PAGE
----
Holidays or Hollow Daze

The subtle wonders and hazards of this holiday season

Posted Dec 03, 2020

It’s that time of year when articles about holiday joys, anxieties, or blues appear and everyone who writes about anything offers their advice about how to enjoy the holiday season, or at least survive it. Try though I might, I could not resist joining the choir. I hope I at least strike a chord by saying It might be useful to view the holidays (especially in the midst of a pandemic) as a learning opportunity. Holidays (originally holy days) initially came into existence to acknowledge or celebrate something beyond the self, usually religious. Eventually, they became secularized to represent a break from work and a time for recreation, sometimes still including the religious implications. Historically, holidays were preceded by pilgrimages, which had the purpose of seeking enlightenment or expressing devotion. It is this quest for enlightenment that seems to have gotten lost as pilgrimages morphed into holy days and holy days multiplied into holidays.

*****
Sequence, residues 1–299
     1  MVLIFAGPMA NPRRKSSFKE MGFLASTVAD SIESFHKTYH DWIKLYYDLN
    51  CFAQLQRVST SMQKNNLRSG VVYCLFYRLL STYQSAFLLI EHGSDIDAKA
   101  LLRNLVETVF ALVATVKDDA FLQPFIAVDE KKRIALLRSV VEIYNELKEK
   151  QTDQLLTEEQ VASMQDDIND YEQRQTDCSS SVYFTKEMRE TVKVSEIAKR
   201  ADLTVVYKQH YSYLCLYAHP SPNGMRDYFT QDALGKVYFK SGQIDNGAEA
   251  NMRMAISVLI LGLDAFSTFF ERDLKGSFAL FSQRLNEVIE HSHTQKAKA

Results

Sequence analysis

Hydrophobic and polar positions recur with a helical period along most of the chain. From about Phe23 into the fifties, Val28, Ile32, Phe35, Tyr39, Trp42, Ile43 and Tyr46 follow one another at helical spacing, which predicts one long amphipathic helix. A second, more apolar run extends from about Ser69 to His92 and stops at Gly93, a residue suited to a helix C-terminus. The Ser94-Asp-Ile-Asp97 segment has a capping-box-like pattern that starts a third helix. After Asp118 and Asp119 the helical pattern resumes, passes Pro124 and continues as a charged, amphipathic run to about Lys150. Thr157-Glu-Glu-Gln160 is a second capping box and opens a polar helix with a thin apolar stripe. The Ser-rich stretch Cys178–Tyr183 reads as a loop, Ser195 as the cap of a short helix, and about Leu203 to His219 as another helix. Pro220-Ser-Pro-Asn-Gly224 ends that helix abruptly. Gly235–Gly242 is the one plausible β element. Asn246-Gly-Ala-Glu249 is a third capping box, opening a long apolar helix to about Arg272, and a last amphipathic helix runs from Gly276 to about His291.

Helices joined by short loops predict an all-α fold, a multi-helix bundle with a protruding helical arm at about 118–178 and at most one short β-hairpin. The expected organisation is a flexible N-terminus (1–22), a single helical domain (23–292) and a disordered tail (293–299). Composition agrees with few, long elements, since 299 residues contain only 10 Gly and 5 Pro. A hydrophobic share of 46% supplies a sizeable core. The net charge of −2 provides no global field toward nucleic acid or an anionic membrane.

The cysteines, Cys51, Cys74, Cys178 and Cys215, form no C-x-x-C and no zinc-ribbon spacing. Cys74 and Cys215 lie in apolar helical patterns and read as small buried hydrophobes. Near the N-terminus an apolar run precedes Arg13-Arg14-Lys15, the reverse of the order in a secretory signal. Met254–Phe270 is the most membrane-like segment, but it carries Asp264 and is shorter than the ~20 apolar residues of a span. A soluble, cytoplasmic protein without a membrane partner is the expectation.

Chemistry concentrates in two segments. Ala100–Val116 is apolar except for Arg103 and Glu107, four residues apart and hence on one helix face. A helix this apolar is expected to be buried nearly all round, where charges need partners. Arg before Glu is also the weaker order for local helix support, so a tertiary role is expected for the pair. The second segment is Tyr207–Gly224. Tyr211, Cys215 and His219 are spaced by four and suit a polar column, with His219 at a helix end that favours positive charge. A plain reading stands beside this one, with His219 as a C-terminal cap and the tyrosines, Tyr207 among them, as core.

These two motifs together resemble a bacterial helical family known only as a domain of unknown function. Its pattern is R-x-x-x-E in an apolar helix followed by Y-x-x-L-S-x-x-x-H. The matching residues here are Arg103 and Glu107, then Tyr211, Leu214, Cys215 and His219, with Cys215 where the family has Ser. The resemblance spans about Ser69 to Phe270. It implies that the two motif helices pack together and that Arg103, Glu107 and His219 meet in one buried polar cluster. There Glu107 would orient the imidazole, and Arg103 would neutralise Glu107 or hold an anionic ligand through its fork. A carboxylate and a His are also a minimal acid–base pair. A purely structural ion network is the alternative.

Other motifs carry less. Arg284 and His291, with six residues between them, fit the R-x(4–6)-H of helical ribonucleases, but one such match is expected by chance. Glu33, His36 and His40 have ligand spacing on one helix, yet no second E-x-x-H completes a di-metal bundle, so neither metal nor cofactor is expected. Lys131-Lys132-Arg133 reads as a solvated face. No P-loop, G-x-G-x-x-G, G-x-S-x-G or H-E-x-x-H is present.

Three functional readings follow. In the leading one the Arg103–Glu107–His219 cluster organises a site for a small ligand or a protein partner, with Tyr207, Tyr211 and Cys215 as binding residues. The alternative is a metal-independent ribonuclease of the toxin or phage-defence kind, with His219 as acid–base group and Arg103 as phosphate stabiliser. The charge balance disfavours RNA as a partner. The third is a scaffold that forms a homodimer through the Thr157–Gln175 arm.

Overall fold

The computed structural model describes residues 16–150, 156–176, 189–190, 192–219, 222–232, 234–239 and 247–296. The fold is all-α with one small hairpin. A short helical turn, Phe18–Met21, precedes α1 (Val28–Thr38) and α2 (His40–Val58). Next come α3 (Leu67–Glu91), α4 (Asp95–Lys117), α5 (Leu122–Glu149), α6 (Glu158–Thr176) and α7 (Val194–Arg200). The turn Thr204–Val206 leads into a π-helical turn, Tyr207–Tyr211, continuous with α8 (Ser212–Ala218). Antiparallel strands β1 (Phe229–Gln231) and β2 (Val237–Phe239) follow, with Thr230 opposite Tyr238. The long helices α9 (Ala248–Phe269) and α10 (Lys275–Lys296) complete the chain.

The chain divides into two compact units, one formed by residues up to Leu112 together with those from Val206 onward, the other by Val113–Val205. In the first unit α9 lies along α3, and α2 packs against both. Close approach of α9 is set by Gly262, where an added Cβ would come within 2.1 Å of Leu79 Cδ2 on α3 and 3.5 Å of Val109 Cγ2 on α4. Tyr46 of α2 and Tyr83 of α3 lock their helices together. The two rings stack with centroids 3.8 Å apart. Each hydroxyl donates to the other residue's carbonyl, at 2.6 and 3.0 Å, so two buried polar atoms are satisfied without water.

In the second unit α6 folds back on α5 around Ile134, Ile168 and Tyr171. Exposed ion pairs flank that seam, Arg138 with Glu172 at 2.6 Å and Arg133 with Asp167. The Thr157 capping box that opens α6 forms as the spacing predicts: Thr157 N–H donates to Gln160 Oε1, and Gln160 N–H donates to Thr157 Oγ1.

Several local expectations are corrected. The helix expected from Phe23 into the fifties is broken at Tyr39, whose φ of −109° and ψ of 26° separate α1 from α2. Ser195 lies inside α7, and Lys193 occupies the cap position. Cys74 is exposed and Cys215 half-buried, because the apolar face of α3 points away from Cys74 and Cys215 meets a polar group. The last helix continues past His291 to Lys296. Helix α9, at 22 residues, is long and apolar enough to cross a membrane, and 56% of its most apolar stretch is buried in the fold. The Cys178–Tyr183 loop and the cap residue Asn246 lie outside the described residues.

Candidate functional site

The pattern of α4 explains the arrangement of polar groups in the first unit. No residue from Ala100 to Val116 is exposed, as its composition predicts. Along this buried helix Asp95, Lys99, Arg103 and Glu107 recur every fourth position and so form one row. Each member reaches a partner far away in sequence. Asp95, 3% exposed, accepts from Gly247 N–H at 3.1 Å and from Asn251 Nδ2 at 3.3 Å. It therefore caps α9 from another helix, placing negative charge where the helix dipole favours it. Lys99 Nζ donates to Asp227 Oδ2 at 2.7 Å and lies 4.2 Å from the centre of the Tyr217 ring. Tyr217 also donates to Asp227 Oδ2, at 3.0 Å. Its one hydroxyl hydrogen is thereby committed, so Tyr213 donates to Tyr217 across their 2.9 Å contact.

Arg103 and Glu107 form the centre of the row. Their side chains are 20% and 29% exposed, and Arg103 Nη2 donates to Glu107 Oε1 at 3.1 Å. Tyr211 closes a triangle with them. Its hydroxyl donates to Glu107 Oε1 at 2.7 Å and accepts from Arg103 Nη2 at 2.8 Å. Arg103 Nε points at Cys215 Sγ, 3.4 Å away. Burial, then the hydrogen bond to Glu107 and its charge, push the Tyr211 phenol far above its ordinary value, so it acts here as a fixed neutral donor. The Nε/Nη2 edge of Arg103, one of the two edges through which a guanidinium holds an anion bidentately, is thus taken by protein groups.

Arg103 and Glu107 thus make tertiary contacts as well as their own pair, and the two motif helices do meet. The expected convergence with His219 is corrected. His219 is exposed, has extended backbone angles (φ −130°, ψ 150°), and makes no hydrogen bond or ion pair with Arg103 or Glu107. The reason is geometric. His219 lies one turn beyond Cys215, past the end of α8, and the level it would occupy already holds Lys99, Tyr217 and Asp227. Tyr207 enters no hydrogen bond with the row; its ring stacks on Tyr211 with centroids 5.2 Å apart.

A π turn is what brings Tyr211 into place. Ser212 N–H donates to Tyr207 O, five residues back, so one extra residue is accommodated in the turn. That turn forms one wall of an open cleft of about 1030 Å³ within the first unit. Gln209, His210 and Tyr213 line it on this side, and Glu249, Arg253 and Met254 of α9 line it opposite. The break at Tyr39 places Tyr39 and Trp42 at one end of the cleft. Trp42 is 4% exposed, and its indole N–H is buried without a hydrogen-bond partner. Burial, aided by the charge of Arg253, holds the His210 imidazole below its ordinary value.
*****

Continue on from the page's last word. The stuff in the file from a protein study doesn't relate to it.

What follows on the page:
Generally, but especially on holidays, there is an inherent tension between doing things for others and paying homage to them vs. taking a break and nurturing the self – looking inward or outward for contentment and meaning. How we feel about the holidays is very much related to how we feel about ourselves and our relationships. If we feel joy, we want to spread that around with the hope that others will share it. If we feel neglected, that gets magnified and we see the holidays as a time for self-care, or we hope for elevated attention from others. If we feel guilt about our own selfishness, that gets magnified during these free days and we may focus on doing things for others through excessive gifting or providing (sometimes unwanted) care/assistance to them. Whatever the feelings, the holiday season affords us more time to feel them and many ways to express them.

Sometimes we get busy just to avoid the thinking that goes along with having unstructured time. But it is the thinking or reflecting that determines whether we benefit from the time out or fall into the trap we set for ourselves. This trap Is the expectations game, and it is the greatest hazard we face during the holidays.